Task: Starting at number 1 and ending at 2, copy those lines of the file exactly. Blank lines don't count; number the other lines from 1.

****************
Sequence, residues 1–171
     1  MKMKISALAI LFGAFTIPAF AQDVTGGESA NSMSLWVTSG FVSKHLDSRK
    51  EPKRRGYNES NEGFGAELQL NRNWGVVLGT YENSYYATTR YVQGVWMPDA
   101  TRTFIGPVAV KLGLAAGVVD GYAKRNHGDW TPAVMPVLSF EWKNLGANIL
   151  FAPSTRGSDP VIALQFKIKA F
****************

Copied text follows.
Sequence, residues 1–171
     1  MKMKISALAI LFGAFTIPAF AQDVTGGESA NSMSLWVTSG FVSKHLDSRK